Irrigation Efficiency Point Wise Notes for Competitive exam

Irrigation Efficiency


• Irrigation efficiency at the field level can be increased by selecting suitable method of irrigation, adequate land preparation and engaging an efficient irrigator.

• At project level, irrigation efficiency can be increased by proper conveyance and disitribution system.

• Irrigation efficiency is the ratio usually expressed as per cent of the volume of irrigation water transpired by plants, plus that evaporated from the soil, plus that necessary to regulate the salt concentration in the soil solution and that used by the plant in building plant tissue to the total volume of water diverted, stored or pumped for irrigation.

Ei=Wt + Ws – Re / Wi X 100

Ei = irrigation efficiency

Wt = volume of irrigation water per unit area of land transpired by plants, evaporated from the soil during the crop period (including field preparation and nursery)

Ws = volume of irrigation water per unit area of land to regulate the salt content of soil solution

Re = Effective rainfall

Wi = Volume of water per unit area of land that is stored in a reservoir or diverted for irrigation

• Efficiency of irrigation projects in India is as low as 20 to 40 per cent.

• Major project can irrigate more than 10,000 ha.

• Medium project can irrigate an area between 2,000 to 10,000 ha.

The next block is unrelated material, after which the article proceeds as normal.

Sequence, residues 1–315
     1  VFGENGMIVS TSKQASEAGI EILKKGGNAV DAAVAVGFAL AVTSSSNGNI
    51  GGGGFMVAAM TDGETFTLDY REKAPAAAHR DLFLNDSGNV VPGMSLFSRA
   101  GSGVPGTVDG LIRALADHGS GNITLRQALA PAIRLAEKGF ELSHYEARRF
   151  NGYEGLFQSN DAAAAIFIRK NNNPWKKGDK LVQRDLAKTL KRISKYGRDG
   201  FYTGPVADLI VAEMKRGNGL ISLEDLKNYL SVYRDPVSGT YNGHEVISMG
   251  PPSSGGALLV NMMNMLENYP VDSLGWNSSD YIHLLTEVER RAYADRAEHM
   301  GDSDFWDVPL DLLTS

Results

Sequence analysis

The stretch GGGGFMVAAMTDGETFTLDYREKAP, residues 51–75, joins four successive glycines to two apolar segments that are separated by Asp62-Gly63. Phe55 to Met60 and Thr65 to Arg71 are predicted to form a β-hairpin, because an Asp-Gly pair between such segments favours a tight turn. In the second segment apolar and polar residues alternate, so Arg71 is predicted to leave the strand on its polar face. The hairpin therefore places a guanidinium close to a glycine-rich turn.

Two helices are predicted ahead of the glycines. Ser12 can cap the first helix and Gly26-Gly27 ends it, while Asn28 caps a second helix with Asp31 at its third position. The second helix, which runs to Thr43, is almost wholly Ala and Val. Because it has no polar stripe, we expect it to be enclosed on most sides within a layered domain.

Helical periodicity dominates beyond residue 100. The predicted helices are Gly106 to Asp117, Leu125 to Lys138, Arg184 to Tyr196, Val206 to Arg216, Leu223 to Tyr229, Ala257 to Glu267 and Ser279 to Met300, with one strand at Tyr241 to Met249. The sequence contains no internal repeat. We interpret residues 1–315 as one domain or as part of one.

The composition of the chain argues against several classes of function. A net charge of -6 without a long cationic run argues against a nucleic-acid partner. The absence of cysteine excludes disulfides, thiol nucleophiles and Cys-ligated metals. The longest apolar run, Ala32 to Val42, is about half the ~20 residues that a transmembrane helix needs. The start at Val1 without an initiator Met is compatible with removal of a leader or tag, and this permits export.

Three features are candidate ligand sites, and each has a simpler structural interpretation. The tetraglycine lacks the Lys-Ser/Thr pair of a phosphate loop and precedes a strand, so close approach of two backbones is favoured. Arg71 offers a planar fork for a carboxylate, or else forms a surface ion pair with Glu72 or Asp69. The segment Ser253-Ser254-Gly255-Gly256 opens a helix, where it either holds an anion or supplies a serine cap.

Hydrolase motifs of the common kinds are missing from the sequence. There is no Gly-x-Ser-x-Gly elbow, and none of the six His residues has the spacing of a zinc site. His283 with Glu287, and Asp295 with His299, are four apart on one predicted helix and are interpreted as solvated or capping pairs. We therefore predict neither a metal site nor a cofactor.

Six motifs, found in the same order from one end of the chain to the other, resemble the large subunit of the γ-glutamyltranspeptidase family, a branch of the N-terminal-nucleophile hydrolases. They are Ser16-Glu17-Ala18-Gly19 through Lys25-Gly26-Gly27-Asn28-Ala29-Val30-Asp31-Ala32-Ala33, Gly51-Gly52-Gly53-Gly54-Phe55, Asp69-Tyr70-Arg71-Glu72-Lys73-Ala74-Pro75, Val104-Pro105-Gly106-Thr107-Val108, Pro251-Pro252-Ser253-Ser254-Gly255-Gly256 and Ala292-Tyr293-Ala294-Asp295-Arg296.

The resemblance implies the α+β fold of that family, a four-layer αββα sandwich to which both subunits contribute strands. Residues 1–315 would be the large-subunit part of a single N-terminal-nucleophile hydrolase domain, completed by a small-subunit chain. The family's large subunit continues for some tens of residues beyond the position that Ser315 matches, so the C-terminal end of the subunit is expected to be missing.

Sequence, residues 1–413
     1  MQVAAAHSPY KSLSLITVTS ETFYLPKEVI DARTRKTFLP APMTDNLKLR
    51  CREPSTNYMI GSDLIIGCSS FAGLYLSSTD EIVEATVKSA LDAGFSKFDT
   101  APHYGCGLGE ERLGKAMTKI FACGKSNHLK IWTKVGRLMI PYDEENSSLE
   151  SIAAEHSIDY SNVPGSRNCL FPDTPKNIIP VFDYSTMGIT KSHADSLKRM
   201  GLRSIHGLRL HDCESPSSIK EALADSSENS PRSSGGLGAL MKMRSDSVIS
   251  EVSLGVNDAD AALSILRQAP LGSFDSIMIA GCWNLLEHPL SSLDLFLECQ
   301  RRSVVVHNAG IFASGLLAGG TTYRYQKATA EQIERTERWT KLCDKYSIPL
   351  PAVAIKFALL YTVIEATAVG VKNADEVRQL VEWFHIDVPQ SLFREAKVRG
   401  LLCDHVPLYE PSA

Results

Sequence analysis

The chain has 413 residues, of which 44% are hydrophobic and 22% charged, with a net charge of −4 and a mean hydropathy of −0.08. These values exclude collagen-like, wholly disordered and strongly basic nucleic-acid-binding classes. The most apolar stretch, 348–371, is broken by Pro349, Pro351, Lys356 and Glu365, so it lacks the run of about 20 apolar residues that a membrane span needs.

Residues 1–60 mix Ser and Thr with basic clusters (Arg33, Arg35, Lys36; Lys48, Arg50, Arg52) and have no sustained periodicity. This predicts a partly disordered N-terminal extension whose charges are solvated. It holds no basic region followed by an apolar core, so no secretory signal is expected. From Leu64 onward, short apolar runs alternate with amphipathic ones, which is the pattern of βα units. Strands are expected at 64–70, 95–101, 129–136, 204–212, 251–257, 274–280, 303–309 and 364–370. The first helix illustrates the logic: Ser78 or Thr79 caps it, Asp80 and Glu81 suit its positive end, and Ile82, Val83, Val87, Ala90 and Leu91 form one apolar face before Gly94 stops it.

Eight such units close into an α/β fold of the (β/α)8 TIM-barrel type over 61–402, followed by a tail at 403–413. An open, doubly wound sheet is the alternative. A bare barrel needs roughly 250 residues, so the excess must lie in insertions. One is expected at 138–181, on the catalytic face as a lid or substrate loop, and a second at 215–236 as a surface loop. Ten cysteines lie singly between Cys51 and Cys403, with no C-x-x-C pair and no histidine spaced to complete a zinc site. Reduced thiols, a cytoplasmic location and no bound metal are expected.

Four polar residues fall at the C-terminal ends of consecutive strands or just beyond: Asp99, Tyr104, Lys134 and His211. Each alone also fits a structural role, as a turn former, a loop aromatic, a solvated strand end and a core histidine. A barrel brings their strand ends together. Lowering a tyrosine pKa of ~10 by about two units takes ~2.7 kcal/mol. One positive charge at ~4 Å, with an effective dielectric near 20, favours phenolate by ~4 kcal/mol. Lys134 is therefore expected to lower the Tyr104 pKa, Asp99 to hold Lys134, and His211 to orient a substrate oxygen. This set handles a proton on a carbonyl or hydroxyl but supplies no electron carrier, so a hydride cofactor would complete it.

• Minor irrigation project is an irrigation project with a capacity to irrigate less than 2,000 ha.

• Conveyance efficiency indicates the efficiency with which water is conveyed from source of supply to the field. Conveyance efficiency estimates conveyance losses.

Ec = Wf / Ws X 100

Ec = water conveyance efficiency (per cent)

Wf = water delivered at the field

Ws = water delivered at the source

• Water application efficiency is the measure of efficiency with which water delivered to the field is stored in the root zone.

Water application efficiency = Water stored in the root zone / Water needed in the root zone × 100

• Water storage efficiency is expressed as the percentage of water needed in the root zone prior to irrigation to that stored in the root zone during irrigation.

Water storage efficiency = Water stored in the root zone / Water needed in the root zone × 100